Data experts to explore pandemic’s ethical challenges

By Maya Bell

Data experts to explore pandemic’s ethical challenges

By Maya Bell
Amid increased public health surveillance and contact tracing, a July 23 panel discussion will focus on the tricky balance between saving lives and protecting personal privacy.

In August of 1854, in the London suburb of Soho, an obstetrician named John Snow believed that water contaminated by sewage was responsible for a cholera outbreak that killed more than 600 people. He would prove it by plotting the deaths on a grid and investigating each deceased person’s use of the neighborhood well water he suspected as the culprit.

Nearly 166 years later, Kenneth W. Goodman is reminded of Snow when thinking of the tricky ethical challenges the coronavirus pandemic poses for data scientists and users in the age of big data—which is among the topics Goodman and two other experts will address during a Zoom discussion on “Data Ethics during COVID-19” on Thursday, July 23, from 4 to 5 p.m.

“What John Snow pioneered was shoe-leather epidemiology,” said Goodman, who is the founder and director of the Institute for Bioethics and Health Policy at the Miller School of Medicine and who also leads the research program on data ethics and society at the University of Miami’s Institute for Data Science and Computing (IDSC), which is hosting the forum. 

“He gathered data to save lives, which we’ve been doing with case studies for thousands of years but in more primitive forms,” Goodman continued. “It used to be memory. It used to be paper. It used to be papyrus scrolls. But data on a papyrus scroll is not entirely unlike data on a supercomputer. It’s all about learning from each patient to improve health, and we need to continue doing that—especially now. Information and data are essential to mitigating public health crises, but we have to be careful how we collect, store, and share data to protect individual privacy.”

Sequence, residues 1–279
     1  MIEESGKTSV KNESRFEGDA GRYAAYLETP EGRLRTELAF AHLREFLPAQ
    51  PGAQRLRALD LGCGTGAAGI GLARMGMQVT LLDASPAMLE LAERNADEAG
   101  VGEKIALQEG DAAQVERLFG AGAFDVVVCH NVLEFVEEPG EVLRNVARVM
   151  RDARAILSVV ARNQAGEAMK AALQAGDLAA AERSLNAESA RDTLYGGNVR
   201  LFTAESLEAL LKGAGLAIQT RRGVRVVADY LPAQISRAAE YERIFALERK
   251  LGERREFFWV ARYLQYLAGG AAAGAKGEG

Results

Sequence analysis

Free and open to the public, the panel discussion will be moderated by Nicholas Tsinoremas, director of the IDSC, and, in addition to Goodman, will feature Brian Lee, senior advisor for informatics at the Centers for Disease Control and Prevention (CDC), and Soyeon Ahn, professor and chair of the Department of Educational and Psychological Studies in the University’s School of Education and Human Development.

The panelists, who will answer questions, plan to address how their work is informed by public health surveillance and analysis; the ethical considerations of data governance, analysis, collection, curation, and sharing; and the creation and dissemination of scientific policies that affect public behavior and shape public trust.

The latter topic, Goodman said, will undoubtedly engender discussion about the Trump administration’s recent order requiring hospitals to send information on their COVID-19 patients, the number of beds and ventilators they have available, and other information essential to tracking the pandemic to its Department of Health and Human Service’s private database, rather than the CDC’s public one. 

The order alarmed many health experts, including Goodman, who fear researchers and health officials will no longer have access to the data needed to make projections and decisions about the pandemic.  

“The CDC has been, for generations, the go-to place for data collection and analysis, so this 11th-hour change is cause for grave concern,” Goodman said. “That’s not a political observation. It’s to say we want scientists handling the data, not politicians. The CDC should remain the collector, guardian, and custodian of these data.”

Register now for the July 23 discussion on “Data Ethics During COVID-19.”